(5) I don't mean a big reduction in the price of beer   Many Partridgeans argue that the poet would gladly accept a small reduction in the price of beer, regardless of his belief or lack of same. Evidence suggests Partridge was aware of the aphorism attributed to Benjamin Franklin, "Beer is proof that God loves us and wants us to be happy," but unaware of Brett Kavanaugh's lip-smacking beer fetish

Beer

(6) But all the people that you made in your image / See them starving on their feet / 'Cause they don't get enough to eat / From God  As the first stanza comes to a close, the narrator acknowledges that the God he doesn't believe in attempted to duplicate in humans his own image and, we assume, his beauty, wisdom and sense of humor, and who is also the sole provider of their sustenance, possibly echoing Blake's "The Lamb": "Gave thee [the Lamb] life and bid thee feed / By the stream and o'er the mead." When his people are "starving on their feet," it's because they didn't "get enough to eat / From God" -- the same God the narrator can't believe in!

(7) Dear God, sorry to disturb you, but I feel /That I should be heard loud and clear  This is a much more civil and reverent supplication than the one we heard from the pissed off Job insisting that the God he does believe in account for his (God's) unspeakable cruelty. But maybe the narrator should have been more cantankerous, should have shaken his fist harder because, unlike Job, he gets no Divine response. 

Granted, Job was essentially told to shut the freak up, but at least it was something.

If you're fond of labeling and classifying, both works could be considered "literature of divine rebellion." The Book of Job could be called a theodicy, a defense of God's goodness and omnipotence coexisting with evil, suffering and the like. No such defense in "Dear God."

(8) Did you make disease and the diamond blue?  What a rhetorical rat's nest we have here! These must be rhetorical questions since the narrator doesn't believe in God and thus cannot expect him to answer them. 

But to what effect? Asking God if he is equally responsible for abundant pain and starvation, inevitable deteriorating health followed by death as well as the bountiful wealth acquired by the few (1%?) imaged in the "diamond blue" -- does this challenge God's existence or his goodness or his power?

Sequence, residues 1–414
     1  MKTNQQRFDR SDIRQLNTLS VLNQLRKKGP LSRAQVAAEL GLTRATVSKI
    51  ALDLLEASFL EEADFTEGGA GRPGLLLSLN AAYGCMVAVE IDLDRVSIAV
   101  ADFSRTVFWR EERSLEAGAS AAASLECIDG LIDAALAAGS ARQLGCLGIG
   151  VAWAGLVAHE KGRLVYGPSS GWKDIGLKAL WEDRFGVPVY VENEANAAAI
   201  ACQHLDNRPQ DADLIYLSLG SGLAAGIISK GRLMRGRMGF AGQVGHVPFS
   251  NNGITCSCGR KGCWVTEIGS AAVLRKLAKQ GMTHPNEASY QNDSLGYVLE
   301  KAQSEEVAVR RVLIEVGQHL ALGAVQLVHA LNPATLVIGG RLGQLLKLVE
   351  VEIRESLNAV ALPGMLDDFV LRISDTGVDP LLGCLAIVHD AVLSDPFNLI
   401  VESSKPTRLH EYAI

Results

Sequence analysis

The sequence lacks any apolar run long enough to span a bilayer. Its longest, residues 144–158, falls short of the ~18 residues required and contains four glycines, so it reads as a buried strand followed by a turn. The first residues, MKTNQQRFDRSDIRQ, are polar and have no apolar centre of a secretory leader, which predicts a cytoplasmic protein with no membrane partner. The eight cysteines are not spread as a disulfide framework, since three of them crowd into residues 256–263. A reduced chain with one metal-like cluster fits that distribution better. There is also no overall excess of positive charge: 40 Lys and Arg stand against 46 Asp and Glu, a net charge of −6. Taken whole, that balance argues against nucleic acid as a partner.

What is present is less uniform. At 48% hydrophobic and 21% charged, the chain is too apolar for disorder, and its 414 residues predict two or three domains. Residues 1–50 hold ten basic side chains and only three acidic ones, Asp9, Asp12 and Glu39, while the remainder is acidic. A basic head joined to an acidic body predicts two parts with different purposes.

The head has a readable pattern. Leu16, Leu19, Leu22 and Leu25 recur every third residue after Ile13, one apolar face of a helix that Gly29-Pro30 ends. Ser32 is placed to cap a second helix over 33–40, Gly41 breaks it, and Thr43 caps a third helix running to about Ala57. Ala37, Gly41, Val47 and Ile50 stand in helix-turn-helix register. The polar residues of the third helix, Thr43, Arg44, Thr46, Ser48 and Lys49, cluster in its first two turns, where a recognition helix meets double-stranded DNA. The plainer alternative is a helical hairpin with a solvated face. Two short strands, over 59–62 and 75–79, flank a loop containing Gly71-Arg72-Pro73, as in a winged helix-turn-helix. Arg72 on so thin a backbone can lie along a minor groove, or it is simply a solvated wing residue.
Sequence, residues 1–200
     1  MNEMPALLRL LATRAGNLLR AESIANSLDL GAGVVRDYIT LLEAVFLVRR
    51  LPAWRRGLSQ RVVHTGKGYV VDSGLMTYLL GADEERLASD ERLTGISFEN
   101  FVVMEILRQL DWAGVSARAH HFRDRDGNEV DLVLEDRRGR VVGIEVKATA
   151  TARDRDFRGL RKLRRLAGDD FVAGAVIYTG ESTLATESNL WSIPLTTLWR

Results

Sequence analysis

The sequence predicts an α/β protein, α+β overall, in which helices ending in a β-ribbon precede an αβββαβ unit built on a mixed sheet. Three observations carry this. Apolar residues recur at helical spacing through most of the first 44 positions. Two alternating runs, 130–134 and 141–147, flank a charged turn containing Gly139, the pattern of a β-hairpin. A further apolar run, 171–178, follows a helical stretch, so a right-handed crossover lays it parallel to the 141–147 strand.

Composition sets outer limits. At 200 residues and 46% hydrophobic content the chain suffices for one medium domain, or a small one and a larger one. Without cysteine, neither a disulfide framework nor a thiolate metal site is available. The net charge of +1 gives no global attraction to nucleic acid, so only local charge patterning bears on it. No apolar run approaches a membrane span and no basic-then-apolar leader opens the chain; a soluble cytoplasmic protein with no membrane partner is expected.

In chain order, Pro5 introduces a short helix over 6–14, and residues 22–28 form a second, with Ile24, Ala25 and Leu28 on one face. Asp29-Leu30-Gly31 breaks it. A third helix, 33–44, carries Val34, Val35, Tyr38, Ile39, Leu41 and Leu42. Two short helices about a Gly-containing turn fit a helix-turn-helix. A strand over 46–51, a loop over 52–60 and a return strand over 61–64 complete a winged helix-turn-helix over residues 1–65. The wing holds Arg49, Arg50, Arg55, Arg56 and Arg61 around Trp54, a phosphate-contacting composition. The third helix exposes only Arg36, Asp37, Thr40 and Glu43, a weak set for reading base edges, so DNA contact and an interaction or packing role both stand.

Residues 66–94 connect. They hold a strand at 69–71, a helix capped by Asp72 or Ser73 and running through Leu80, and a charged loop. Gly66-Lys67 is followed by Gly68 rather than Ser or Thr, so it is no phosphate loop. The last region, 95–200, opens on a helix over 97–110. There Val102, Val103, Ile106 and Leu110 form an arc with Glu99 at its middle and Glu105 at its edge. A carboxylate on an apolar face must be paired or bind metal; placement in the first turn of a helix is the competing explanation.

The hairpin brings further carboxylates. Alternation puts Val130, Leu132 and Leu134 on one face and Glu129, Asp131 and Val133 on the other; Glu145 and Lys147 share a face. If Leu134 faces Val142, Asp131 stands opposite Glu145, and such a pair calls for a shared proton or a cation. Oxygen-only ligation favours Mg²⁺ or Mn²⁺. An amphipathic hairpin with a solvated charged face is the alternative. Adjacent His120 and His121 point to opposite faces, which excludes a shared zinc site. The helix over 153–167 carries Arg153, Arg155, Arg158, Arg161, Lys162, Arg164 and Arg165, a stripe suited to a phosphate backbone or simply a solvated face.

Is this Zoroastrianism, i.e., an eternal struggle between a good spirit and an evil one? 

Is the narrator suggesting a yin and yang deity in which the dark and light are complementary? No. The dark is unacceptable, esp. if there's an omnipotent God in the house.

Is it an either-or fallacy, a bifurcation, an oversimplification, to wit, "Make up your mind, God. You can't be real if you create both beautiful fall days and lethal Category 5 hurricanes; or, if you are real, you are weak on this earth and therefore can't be counted on to intervene when we need you, e.g., when we're starving or our house is floating down the Mississippi or we contract terminal cancer."

The narrator is essentially plagiarizing both Psalms 22:1 and Matthew 27:46: "My God, my God, why hast thou forsaken me?" Also rendered in Aramaic dialect: "Eloi, Eloi,  [or Eli, Eli] lama sabachthani?"

Forsaken, his belief melts quicker than the wet wicked Witch of the West, and who can blame him?

But unheard pleas for help do not necessarily suggest a nonentity. The whole mixed blessing dilemma has been acknowledged for centuries. We've all heard the old maxims that give no comfort, "The Lord giveth, the Lord taketh away," and "The sun shines and the rain falls on the just and unjust alike."

Now, because long reads are disappearing as fast as newspapers, Borders bookstores, Sears, ice caps, frogs, bees, CD players, iPods and original movies, I will stop here to give the reader a breather. Part two will appear on this space within 48 hours. Thanks for reading so far. Please offer suggestions so that I can completely ignore them.